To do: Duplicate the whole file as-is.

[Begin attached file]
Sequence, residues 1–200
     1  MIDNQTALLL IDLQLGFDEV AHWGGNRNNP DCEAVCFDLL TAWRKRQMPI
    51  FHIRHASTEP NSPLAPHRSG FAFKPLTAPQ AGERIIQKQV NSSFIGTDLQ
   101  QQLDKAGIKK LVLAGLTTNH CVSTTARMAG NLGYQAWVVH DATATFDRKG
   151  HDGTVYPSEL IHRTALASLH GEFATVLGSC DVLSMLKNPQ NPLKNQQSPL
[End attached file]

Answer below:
Sequence, residues 1–200
     1  MIDNQTALLL IDLQLGFDEV AHWGGNRNNP DCEAVCFDLL TAWRKRQMPI
    51  FHIRHASTEP NSPLAPHRSG FAFKPLTAPQ AGERIIQKQV NSSFIGTDLQ
   101  QQLDKAGIKK LVLAGLTTNH CVSTTARMAG NLGYQAWVVH DATATFDRKG
   151  HDGTVYPSEL IHRTALASLH GEFATVLGSC DVLSMLKNPQ NPLKNQQSPL